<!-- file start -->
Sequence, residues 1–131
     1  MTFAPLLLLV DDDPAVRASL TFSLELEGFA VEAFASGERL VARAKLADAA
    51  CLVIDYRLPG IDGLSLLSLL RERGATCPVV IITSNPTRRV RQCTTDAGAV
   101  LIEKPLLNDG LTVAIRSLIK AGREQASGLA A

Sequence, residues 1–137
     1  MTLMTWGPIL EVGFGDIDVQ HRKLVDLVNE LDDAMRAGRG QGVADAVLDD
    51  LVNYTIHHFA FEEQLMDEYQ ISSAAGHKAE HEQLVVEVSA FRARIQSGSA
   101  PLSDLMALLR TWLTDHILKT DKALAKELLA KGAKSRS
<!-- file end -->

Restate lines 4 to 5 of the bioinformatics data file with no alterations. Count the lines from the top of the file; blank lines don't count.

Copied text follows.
   101  LIEKPLLNDG LTVAIRSLIK AGREQASGLA A

Sequence, residues 1–137